In Jan. 24 IssueRussell County NewsBy Wade Daffron, Columnist
I strolled into the junk store the other day, and something instantly captured my attention.
A rather "hip"-looking female, who appeared to be in her 20s, was standing over a pile of axe-handles.
She had picked up two of the long pieces of wood, held them like drum sticks, and was gently tapping them on a table.
Cool, I thought.
I began looking around and noticed “The Little Drummer Girl” and I were the only shoppers in the store.
She would walk around, pick things up, and comment out loud about them.
Cool, again, I thought.
This is the person I will jump in front of and save if someone comes in here and starts shooting the place up, or the person I will carry to safety in case of a fire.
Am I the only person who thinks things like that?
Well, yeah, I am on medication, why?
Browsing around, I ended up in front of a huge pile of clothes-which I dug through earnestly.
I had noticed my fellow shopper had also made her way to the clothes, and was standing across from me.
There were several “novelty” t-shirts among the clothes, and I would methodically pick them up, look at what was printed on them, and either throw them over my shoulder to keep, or toss them back in the pile if I wasn’t interested.
I picked up one shirt that had a risqué saying on it.
While I was holding it up to look at, I heard the woman across from me say, “Ah, that’s not very nice.”
I quickly threw the shirt down, and kept digging.
When I pulled out another, questionable shirt, I heard her say, “You better stop it!”
Intrigued, I kept trying to make eye contact with her.
She never looked up, but I noticed a smile on her face..
I should say something, I thought to myself.
I found a shirt that was even more objectionable than the first two, and held it up to read.
“Am I going to have to give you a smack on the tush?” I heard her say.
My eyes widened, I threw the shirt down, and quickly backed away from the pile of clothes.
OK, OK, just remain calm, I kept repeating in a rapid-fire, internal dialogue.I wondered around, trying to regain my composure, and ended up at a “toy bin” full on stuffed animals and plastic playthings.
It wasn’t long before I noticed she was standing near me, digging through the toy bin, too.
“Oh, look at this,” she would say, as she picked up various toys.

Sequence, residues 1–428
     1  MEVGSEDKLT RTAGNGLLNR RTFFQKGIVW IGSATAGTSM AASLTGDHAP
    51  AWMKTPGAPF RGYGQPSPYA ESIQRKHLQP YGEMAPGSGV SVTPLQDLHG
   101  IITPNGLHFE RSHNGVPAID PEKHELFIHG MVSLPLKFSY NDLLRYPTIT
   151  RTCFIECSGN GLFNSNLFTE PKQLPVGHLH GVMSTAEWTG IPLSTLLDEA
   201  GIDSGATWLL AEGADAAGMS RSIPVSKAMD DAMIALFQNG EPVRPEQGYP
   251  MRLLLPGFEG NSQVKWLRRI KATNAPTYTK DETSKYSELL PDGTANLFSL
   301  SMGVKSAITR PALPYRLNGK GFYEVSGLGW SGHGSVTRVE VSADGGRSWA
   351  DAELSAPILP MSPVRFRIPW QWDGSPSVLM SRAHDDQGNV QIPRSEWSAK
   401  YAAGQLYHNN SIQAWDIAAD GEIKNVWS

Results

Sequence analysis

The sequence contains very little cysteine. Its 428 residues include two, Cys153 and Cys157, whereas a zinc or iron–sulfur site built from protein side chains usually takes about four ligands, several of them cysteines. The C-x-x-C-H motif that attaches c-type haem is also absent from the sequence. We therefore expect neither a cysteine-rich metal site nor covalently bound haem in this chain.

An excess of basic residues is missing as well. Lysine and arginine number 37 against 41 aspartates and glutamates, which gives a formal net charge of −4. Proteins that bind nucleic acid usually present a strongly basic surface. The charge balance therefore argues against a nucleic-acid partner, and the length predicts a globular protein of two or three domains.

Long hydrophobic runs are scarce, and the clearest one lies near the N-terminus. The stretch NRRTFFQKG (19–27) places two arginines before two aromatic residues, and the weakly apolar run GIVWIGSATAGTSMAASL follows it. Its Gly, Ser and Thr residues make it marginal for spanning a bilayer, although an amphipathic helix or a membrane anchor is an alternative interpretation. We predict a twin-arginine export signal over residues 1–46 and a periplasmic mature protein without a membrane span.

There was NO WAY I was about to look for fear of getting my bottom smacked.
One toy she picked up made a shrill noise, which made her jump slightly, then laugh.
NOW is my chance, I thought….
I said something which came out as roughly, “Rguvrih.”
She looked at me, sorta cocked her head, then resumed digging.
“Hey,” I heard her say, “it’s growling at you.”
WHAT is growling at me?
My mind raced.
“It’s gonna get ya!” she said.
Panicking, I slowly shuffled backwards until I felt myself pinned against a table full of pieces of glassware-which I heard crashing together as I pressed against it.
I realized she was talking about some kind of scary-looking, monster toy she was holding.
OK, OK, no problem, just chill out and roll with it, I whispered to myself.
As I re-approached the toy bin, it dawned on me I looked like I was dressed for a trip to gym because…I was, ironically…on my to the gym.
I straightened my awkward-looking, “South Park”-like togie, and gave my clothes a quick sniff to see if any odor was emanating from them.
She pulled at the huge purse she had slung on her arm and said, “How ‘bout if we go home and lay down?”
My ears popped, and started whistling.
I felt sweat break out under my togie…and other things.
As I slowly looked up at her, about to speak, I saw her purse “move.”
It “moved” again.
Then it “moved” violently as if something was about to burst out of it.
I saw the head of a tiny dog peek over the top of her purse.
SHE HAD BEEN TALKING TO THE DOG THE ENTIRE TIME!
I looked around, wishing something/anything would happen so I could escape the store unnoticed.
About that time, I group of kids came in (thank you, Lord, thank you), and wouldn’t you know it, the first thing THEY saw was the tiny dog in the big purse.
Why handn’t I notice that earlier?
The kids gathered around the dog, the purse, and The Little Drummer Girl.
I am pretty sure I saw that tiny, little dog turn, look at me, “smile,” (can dogs smile?), and not bark, but “laugh” at me.
I nodded to no one in particular, and slithered out the door.
As I sat in my car, beating my head against the steering wheel, I decided right then and there it’s best to “let sleeping dogs lie.”